The next generation of social networking will give people more tools for defining smaller online communities in a way that mimics the real world, academic researchers said Monday.
“One thing that’s very broken in the social tools we have right now is context and boundaries and a sense of who I want to share what with,” said Liz Lawley, director of the laboratory for social computing at the Rochester Institute of Technology. Many social-networking sites essentially force users to become part of a huge community, or they force users to choose whether someone else is a friend or not, with no other subtleties defining that relationship, she noted.
“People want to create villages and they’re being forced into cities. That’s creating a huge tension in social interactions,” she said. Lawley and other academic researchers spoke at the Microsoft Research annual Faculty Summit, an event that brings together academics, government workers and Microsoft researchers to discuss new fields of computer-science research.
Ideally, Lawley and the researchers she shared the stage with would like to be able to define various sets of friends online.
“The people I fly with as a pilot could care less about my … amateur radio work. They should have the ability to say they’ll be my friend in this context and not necessarily in another context,” said R & H Security Consulting President and CEO Howard Schmidt, a former academic who also consults for the government. “This is something we have to fine-tune as we build out social networking.”
Academic researchers could help contribute to developments allowing such fine-tuning, but first they’ll have to start using the existing tools, Lawley said. “Many of my colleagues could bring interesting insight, but I look at their use of these tools and they have no idea that there’s a way you can share bookmarks with other people, no idea that you can moderate comments on a blog.”
The researchers also discussed opinions, some of them perhaps surprising, on other important subjects in the online social-networking space. Lawley, who has a 14-year-old son, said she feels strongly against some of the restrictive methods used online to segregate adults from children in an attempt to protect kids from predators. On Second Life, for example, she can’t interact with her son because he has to be in the teen grid and she has to be in the adult grid. “So I don’t learn from him about how to use technologies and he doesn’t learn from me about how to interact in a social context,” she said.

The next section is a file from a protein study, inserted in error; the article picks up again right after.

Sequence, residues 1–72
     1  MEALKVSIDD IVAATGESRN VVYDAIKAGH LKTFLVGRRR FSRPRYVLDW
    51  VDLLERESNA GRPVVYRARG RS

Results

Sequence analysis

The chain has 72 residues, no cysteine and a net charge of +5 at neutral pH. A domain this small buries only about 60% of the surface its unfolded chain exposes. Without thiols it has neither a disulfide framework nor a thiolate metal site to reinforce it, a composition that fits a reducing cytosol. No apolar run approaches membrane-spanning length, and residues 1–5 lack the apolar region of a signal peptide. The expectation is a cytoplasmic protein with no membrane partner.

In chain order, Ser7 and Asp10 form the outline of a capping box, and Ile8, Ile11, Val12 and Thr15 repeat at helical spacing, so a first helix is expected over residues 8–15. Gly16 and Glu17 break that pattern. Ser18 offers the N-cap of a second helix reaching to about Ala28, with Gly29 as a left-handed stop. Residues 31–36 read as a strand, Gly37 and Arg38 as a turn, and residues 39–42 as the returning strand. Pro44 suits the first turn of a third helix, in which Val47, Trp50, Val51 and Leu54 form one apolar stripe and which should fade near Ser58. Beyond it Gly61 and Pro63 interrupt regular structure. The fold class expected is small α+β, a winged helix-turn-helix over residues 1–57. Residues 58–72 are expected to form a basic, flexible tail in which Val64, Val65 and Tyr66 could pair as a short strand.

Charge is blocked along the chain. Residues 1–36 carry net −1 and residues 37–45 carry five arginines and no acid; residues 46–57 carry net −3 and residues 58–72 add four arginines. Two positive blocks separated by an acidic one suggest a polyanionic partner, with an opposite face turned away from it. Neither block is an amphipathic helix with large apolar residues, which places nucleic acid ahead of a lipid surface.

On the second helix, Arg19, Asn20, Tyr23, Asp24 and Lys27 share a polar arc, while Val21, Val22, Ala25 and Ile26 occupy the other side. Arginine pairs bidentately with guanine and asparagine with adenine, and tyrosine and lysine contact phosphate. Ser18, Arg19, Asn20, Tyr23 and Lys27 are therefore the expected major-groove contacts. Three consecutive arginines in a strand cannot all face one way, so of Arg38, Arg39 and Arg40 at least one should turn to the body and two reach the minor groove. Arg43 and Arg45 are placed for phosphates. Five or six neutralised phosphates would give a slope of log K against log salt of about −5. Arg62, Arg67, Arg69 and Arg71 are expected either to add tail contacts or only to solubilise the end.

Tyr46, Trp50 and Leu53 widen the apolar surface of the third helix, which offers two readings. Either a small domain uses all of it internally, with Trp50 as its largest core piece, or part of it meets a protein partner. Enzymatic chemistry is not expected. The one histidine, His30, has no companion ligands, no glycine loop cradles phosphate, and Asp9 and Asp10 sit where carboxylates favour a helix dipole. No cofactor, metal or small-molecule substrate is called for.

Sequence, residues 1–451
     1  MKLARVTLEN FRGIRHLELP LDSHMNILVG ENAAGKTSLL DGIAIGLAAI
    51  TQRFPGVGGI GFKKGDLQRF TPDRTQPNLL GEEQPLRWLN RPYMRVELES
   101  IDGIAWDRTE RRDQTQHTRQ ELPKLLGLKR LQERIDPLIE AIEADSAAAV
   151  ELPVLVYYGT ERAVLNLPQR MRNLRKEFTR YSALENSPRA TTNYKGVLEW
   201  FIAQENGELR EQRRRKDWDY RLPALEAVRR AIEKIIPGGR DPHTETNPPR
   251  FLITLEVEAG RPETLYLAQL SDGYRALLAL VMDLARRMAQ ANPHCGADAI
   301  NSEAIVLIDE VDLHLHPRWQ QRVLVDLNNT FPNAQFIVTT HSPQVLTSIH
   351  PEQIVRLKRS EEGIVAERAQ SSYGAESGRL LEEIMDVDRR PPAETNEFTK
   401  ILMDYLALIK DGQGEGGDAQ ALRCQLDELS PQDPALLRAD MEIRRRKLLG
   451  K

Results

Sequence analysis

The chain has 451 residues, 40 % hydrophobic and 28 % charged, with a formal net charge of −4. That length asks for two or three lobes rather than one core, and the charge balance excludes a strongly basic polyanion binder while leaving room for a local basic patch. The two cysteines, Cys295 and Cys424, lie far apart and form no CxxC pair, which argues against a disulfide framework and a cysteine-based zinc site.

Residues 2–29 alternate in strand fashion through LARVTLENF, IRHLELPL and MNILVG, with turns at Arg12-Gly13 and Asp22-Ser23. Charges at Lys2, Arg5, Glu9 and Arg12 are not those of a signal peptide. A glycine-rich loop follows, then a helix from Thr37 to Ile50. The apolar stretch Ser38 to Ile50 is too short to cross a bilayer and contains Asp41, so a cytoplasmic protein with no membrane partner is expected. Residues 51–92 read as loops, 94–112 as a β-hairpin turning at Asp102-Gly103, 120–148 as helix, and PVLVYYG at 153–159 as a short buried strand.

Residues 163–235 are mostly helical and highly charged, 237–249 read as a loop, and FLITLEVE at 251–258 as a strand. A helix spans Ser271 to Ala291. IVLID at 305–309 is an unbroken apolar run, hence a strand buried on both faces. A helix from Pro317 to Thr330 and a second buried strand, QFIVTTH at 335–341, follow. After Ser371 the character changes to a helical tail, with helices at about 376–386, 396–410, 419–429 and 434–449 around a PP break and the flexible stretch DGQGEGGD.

Shutting down sites or trying to shut out people won’t solve the problem of sexual predators, she said. “We don’t talk about shutting down the Catholic church,” she said, referring to the clergy sex-abuse scandal. “Sexual deviancy isn’t unique to the online world.”
While she sees the value in age verification online, age shouldn’t be used to segregate users. It’s better that parents and adults teach young people how to interact safely online—“that’s the real preventative,” she said.
Other academics agreed. Few people assembled at the conference could go online and fool a kid for long because most people wouldn’t be able to imitate their vocabulary well, said Dan Reed, director of scalable and multicore computing at Microsoft Research. Training young people how to identify adults posing as children can work well, he said.
At the event, Microsoft unveiled some free software tools now on offer to researchers, aimed at making it easier for them to publish and share data throughout academia. The products include e-Journal, a hosted service that lets researchers self-publish online-only journals; the Research Output Repository Platform, which connects various types of research output such as papers, lectures and presentations to make it easier for others to find related materials; and the Research Information Centre, a collaborative workspace based on Microsoft SharePoint and delivered in partnership with the British Library.